Windows XP SP1 SMB Hotfix Update
Last week, I described two patches you can apply to Windows XP Service Pack 1 (SP1) and Windows 2000 systems to eliminate XP errors when you access files hosted on a Server Message Block (SMB)-enabled Win2K server. Readers in the United States, France, Sweden, Australia, and Slovenia wrote to tell me that the XP security hotfix MS02-070 (see Microsoft Security Bulletin MS02-070—Flaw in SMB Signing Could Enable Group Policy to be Modified) won't install on XP SP1 systems. Each reader encountered the same Setup error message during the installation: "The Service Pack version of the system installed is newer than the update you are applying to it. You can only install this update on a computer with no service packs installed."
After some time-consuming research, I've concluded that the security hotfix is faulty and the documentation in the Microsoft article "Flaw in SMB Signing May Permit Group Policy to Be Modified" is incorrect. Here are the facts I uncovered:
- Microsoft first released XP SP1 on October 2, 2002, and updated the service pack on October 25, 2002.
- In the XP gold release, srv.sys is version 5.1.2600.0; the XP hotfix I downloaded contains srv.sys version 5.1.2600.105 with a file release date of October 31.
- Microsoft released security hotfix MS02-070 on December 11, 2002. The documentation states that the hotfix contains the file srv.sys with a release date of October 31, 2002. Because the file release date of October 31 postdates both SP1 releases, it's unlikely that the hotfix version of srv.sys file is included in SP1.
The security hotfix probably contains either an out-of-date version number or a bad catalog entry. Either of these problems will prevent setup from installing the hotfix. At some point, Microsoft will likely release the hotfix that corrects the SMB negotiation problem, closes the group policy vulnerability, and eliminates the file access errors; I'm just not sure when this event will occur. The XP hotfix disappeared today, so I suspect Microsoft is working on the problem.
Win2K SP3 and SP2 Terminal Services Bug Fix
In spite of the fact that Win2K SP3 introduces a much-improved Win2K Server Terminal Services client-licensing model and corrects numerous problems with Terminal Services clients, the userinit.exe module in SP3 and SP2 systems might fail when a user logs on as a Terminal Services client. Microsoft offers no explanation for why this failure occurs and doesn't provide either an error message or an estimate of how often this component fails. If you experience this problem on your terminal servers, call Microsoft Product Support Services (PSS) and ask for the fix that corrects this problem. The patch updates two Terminal Services modules, printui.dll and wlnotify.dll, and both files have a release date of November 1, 2002. The Microsoft article "Userinit.exe May Stop Working in Windows 2000" documents this problem.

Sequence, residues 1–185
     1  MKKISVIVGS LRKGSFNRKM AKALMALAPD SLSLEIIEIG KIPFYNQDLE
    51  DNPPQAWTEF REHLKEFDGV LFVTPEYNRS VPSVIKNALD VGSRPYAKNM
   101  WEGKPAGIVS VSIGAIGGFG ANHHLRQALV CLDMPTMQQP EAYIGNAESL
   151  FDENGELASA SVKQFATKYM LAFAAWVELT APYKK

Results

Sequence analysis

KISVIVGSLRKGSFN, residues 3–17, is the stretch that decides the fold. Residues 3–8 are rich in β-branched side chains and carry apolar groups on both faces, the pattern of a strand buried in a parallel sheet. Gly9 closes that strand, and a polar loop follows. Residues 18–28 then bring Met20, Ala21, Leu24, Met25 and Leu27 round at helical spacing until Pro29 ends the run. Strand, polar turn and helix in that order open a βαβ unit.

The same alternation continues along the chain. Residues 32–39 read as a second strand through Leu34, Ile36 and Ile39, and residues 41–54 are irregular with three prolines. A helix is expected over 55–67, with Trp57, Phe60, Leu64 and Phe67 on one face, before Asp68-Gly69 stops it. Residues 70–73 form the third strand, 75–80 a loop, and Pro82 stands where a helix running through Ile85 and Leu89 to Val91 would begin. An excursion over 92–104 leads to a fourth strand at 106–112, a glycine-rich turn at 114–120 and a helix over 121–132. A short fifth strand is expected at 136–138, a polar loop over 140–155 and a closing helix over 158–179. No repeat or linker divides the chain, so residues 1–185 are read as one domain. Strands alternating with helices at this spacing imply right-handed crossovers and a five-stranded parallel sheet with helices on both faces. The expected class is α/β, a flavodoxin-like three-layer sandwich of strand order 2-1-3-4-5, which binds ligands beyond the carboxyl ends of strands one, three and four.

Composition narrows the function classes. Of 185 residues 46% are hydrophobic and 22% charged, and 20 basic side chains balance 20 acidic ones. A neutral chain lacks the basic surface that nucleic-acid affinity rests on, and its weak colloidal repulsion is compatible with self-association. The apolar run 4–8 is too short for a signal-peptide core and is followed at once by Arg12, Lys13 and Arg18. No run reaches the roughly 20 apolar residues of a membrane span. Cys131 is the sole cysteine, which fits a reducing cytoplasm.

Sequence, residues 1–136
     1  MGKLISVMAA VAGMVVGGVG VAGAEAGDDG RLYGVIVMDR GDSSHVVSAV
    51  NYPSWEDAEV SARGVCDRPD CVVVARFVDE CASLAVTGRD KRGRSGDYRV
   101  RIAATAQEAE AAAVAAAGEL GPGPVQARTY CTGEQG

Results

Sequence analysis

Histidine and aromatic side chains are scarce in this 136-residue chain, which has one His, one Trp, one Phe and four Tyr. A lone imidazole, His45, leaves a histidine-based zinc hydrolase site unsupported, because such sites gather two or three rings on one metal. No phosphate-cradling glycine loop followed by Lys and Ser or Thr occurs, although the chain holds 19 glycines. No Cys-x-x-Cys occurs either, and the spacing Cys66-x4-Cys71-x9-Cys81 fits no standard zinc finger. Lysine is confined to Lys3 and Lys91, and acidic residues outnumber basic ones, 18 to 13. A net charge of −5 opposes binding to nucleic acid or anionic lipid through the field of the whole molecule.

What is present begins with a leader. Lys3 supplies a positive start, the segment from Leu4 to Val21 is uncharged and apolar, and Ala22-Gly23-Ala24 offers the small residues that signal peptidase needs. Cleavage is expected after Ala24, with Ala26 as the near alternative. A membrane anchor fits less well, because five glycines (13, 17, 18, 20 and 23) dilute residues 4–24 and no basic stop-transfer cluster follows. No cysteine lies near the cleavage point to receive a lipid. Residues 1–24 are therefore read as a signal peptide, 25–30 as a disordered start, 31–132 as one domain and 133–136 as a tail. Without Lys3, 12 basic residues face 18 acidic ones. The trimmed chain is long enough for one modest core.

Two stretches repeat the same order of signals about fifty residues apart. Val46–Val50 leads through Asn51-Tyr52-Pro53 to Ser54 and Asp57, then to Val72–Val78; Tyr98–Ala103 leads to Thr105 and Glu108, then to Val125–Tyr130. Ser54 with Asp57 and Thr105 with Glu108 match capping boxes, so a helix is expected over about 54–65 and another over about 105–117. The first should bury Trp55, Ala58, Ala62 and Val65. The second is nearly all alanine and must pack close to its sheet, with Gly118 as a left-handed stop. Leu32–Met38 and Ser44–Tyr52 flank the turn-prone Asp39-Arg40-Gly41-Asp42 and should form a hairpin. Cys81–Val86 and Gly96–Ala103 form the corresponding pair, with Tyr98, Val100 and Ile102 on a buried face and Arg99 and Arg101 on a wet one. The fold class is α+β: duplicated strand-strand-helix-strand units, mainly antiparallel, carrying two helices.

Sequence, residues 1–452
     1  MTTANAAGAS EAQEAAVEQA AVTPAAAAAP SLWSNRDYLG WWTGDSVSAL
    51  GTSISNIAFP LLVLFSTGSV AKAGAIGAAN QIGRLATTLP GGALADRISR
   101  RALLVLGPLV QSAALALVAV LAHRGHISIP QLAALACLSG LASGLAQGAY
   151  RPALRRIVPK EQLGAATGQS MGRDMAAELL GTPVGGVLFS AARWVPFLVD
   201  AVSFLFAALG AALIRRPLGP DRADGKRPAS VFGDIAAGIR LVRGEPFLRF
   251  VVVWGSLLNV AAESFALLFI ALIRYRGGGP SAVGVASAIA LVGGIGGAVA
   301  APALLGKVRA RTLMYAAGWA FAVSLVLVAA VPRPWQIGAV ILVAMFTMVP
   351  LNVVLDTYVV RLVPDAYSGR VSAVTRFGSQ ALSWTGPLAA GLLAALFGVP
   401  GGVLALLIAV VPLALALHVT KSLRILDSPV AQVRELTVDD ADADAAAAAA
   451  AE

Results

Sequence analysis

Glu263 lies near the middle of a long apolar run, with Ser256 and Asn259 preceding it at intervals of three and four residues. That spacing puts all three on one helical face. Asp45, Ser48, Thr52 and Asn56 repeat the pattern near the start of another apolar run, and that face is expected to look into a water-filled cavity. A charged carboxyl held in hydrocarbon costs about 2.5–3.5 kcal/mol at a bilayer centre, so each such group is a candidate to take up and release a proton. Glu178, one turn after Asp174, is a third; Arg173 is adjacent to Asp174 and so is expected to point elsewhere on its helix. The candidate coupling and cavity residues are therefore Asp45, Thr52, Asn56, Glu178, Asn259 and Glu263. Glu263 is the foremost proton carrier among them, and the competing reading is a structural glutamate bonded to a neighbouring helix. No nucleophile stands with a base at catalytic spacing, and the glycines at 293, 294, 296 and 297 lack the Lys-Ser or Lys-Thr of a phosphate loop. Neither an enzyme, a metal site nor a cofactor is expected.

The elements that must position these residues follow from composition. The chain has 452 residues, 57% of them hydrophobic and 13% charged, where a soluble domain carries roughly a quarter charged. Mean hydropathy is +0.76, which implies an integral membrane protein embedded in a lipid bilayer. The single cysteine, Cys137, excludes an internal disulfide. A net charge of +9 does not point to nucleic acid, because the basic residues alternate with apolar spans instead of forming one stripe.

Win2K SP3 Msgina Startup Error
When Win2K boots, the startup process activates services in a specific order. When one service requires the features in another service, the second service is said to be dependent on the first service. If the first service isn't yet fully initialized and running, the dependent service can't start. In Win2K SP3, Microsoft introduced a new service dependency in the Microsoft Graphical Identification and Authentication (GINA) DLL, Msgina.dll. Msgina activates when a user logs on. The Winlogon component presents the logon screen and calls msgina.dll to accept and authenticate the user's credentials. Msgina now depends on the multiple provider router, mpr.dll, and can't start until after the mpr code is operational. A timing problem specific to Win2K SP3 can prevent the mpr code from starting before a user logon.
When this timing problem occurs, you'll see an error message when you attempt to log on to an SP3 system. In this case, an SP3 system might fail with the error message "User Interface Failure: The Logon User Interface DLL msgina.dll failed to load. Contact your system administrator to replace the DLL, or restore the original DLL." PSS has a fix for this problem that corrects the service startup sequence, a new version of msgina.dll with a file release date of October 15, 2002. The Microsoft article "Msgina.dll Does Not Load in Windows 2000 Service Pack 3" documents this problem.
Unusual Win2K SP3 SMB Error
Here's an SMB protocol problem that can produce the error message "The network BIOS command limit has been reached" on Win2K SP3 systems that manage multiple concurrent requests from the same Win2K client. The maximum number of outstanding requests between a client and a server is determined when the client/server session is negotiated. Two registry values, MaxCmds and MaxMpxCt, set limits on the number of concurrent connections between the two systems. On the client, MaxCmds defines the maximum number of network control blocks, and thus the maximum number of concurrent connections the client can manage. On the server, MaxMpxCt controls the maximum number of outstanding requests to one client.
By default, both values are set to 50, which means a server should be able to handle 50 concurrent requests from the same client without a problem. However, if you have tweaked these values to improve network performance, a server managing 50 or more concurrent requests will produce the network BIOS error when either of these entries is lower than 50. See the Microsoft article "Error Message: The Network BIOS Command Limit Has Been Reached" for instructions about how to locate and modify the registry values that control concurrent SMB connections.